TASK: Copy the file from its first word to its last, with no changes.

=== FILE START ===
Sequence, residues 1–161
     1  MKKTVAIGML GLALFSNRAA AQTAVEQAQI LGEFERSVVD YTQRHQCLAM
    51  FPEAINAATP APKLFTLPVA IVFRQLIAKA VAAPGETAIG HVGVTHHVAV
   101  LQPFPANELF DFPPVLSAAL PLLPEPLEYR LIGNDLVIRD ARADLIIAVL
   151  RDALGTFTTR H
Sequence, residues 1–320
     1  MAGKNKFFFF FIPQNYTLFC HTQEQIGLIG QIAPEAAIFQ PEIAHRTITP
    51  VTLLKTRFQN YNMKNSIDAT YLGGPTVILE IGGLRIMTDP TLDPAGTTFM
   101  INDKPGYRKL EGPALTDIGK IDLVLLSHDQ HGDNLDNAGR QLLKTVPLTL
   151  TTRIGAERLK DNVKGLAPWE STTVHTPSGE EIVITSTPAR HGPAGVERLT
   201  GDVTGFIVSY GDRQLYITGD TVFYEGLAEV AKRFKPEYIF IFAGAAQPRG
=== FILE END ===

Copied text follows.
Sequence, residues 1–161
     1  MKKTVAIGML GLALFSNRAA AQTAVEQAQI LGEFERSVVD YTQRHQCLAM
    51  FPEAINAATP APKLFTLPVA IVFRQLIAKA VAAPGETAIG HVGVTHHVAV
   101  LQPFPANELF DFPPVLSAAL PLLPEPLEYR LIGNDLVIRD ARADLIIAVL
   151  RDALGTFTTR H
Sequence, residues 1–320
     1  MAGKNKFFFF FIPQNYTLFC HTQEQIGLIG QIAPEAAIFQ PEIAHRTITP
    51  VTLLKTRFQN YNMKNSIDAT YLGGPTVILE IGGLRIMTDP TLDPAGTTFM
   101  INDKPGYRKL EGPALTDIGK IDLVLLSHDQ HGDNLDNAGR QLLKTVPLTL
   151  TTRIGAERLK DNVKGLAPWE STTVHTPSGE EIVITSTPAR HGPAGVERLT
   201  GDVTGFIVSY GDRQLYITGD TVFYEGLAEV AKRFKPEYIF IFAGAAQPRG